No bad faith where there was no evidence Respondent targeted Complainant’s mark

In the case of Bagley Argentina S.A. v. Anything.com Ltd., a three-member WIPO Panel denied the Complainant’s efforts to have the domain name <bagley.com> transferred because the Complainant did not prove that the Respondent registered and used the disputed domain name in bad faith.

The Complainant is based in Argentina and has been in the business of selling biscuits and crackers since 1864. It claimed rights in its mark BAGLEY which it has registered in several countries, though most of those registrations were acquired after 2002.  The Respondent registered the disputed domain name on September 27, 1999, and used the disputed domain name to establish a website which pay-per-click links.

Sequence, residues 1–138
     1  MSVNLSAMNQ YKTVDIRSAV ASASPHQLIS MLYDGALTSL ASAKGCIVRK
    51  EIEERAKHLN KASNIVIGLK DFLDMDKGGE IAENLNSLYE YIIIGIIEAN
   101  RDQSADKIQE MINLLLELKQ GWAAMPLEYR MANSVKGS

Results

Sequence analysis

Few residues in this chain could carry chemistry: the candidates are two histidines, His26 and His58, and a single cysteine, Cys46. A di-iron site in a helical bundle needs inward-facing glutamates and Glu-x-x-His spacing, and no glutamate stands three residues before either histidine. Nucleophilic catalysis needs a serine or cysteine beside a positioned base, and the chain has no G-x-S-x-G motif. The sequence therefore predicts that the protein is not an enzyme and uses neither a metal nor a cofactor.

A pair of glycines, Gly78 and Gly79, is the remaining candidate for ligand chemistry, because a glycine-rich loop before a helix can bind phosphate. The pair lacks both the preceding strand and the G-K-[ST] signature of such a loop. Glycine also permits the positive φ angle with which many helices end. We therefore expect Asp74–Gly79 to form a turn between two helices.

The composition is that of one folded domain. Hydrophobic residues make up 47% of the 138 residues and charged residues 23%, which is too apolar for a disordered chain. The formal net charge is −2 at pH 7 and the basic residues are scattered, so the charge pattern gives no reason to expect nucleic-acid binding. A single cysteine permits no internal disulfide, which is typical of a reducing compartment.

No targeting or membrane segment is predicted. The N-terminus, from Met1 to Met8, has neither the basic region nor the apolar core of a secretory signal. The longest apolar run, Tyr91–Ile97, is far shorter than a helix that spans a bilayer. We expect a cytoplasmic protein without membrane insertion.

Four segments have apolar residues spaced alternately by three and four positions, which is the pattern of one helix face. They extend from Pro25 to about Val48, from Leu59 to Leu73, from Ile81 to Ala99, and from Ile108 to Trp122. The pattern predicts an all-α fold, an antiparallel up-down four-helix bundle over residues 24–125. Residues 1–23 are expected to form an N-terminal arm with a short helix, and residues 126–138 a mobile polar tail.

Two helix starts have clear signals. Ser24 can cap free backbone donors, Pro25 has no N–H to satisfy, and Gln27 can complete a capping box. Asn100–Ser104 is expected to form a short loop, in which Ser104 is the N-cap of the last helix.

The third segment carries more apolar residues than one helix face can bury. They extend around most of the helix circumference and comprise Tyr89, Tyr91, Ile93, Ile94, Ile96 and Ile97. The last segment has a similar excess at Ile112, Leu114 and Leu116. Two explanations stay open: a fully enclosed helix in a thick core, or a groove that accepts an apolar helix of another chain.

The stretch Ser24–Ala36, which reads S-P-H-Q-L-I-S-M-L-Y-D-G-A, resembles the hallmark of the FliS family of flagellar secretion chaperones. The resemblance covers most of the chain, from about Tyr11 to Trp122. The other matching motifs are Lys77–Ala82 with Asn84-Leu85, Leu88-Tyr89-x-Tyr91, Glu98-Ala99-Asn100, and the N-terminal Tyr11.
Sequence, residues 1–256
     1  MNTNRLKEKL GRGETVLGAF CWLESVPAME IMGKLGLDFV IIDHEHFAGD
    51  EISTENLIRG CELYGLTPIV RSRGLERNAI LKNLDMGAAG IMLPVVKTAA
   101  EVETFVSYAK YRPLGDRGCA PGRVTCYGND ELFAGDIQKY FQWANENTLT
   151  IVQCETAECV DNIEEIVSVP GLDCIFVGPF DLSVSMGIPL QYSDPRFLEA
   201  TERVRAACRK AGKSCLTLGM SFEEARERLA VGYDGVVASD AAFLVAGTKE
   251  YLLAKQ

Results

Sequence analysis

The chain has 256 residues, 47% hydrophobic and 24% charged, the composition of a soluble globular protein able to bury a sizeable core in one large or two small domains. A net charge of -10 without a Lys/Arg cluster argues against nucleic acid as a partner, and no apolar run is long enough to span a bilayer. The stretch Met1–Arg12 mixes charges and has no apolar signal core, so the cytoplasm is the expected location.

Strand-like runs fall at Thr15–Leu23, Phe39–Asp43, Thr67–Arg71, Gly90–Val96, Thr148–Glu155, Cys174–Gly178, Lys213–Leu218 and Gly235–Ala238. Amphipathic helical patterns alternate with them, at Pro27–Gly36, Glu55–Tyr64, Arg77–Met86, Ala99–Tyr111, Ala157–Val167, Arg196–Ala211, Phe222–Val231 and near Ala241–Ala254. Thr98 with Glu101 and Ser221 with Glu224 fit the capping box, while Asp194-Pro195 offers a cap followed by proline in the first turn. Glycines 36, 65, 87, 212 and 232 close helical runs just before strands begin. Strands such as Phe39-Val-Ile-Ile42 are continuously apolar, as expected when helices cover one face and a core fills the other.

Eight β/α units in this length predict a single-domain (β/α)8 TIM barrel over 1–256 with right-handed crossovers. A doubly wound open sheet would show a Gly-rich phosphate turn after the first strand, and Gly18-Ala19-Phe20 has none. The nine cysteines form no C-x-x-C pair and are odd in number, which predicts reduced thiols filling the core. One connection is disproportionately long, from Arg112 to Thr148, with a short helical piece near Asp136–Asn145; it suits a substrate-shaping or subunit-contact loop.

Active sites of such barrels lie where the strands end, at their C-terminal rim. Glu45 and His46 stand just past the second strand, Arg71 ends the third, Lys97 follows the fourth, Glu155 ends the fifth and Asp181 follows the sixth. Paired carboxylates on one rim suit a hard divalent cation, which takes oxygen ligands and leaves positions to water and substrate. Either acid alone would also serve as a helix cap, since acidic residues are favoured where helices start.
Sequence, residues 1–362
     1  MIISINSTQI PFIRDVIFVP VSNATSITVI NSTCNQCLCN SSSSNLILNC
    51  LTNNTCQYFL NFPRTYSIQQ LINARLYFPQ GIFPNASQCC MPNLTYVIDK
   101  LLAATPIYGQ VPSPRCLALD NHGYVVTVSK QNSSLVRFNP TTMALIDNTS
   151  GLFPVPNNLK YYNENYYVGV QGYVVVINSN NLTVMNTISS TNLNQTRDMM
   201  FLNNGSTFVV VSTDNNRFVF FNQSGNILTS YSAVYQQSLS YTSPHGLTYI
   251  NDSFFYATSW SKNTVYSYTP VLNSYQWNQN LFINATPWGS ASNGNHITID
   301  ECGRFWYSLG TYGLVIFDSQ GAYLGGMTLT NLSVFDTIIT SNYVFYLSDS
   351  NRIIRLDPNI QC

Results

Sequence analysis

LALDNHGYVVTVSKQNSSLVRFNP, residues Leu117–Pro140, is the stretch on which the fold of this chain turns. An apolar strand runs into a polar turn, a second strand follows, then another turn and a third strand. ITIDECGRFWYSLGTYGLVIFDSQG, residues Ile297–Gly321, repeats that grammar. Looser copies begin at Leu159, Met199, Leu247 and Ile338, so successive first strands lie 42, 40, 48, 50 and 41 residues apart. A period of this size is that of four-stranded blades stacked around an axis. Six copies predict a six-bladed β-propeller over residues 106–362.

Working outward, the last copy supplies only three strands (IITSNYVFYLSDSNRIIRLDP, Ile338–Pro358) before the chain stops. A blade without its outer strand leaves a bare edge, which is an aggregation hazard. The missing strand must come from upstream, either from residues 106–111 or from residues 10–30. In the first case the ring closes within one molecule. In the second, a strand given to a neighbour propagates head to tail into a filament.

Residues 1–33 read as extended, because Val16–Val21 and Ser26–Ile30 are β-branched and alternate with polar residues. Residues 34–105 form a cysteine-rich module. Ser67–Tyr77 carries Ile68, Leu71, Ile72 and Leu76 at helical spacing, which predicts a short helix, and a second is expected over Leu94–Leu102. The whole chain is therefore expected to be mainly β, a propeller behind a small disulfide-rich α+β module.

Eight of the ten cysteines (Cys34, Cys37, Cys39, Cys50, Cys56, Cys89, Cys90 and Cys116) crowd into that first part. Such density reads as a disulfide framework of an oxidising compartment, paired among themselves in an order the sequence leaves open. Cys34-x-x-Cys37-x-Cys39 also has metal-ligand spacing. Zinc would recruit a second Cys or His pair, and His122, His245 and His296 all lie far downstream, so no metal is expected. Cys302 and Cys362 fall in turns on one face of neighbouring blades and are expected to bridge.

The Panel found that the Complainant failed to demonstrate that the Respondent registered and used the disputed domain name in bad faith. The Respondent denied it knew anything about the Complainant’s mark when it registered the disputed domain name. The Panel, for a number of reasons, sided with the Respondent. Among the reasons for the Panel’s decision was the lack of any showing that the Respondent had attempted to target the Complainant or the Complainant’s trademark.


Evan_BrownAbout the Author: Evan Brown is a technology and intellectual property attorney helping clients with a wide variety of issues, including domain name disputes under the UDRP. Call him at (630) 362-7237, send email to ebrown [at] internetcases.com, or follow him on Twitter @internetcases. Read Evan’s other blog, internetcases, for more information about general internet law.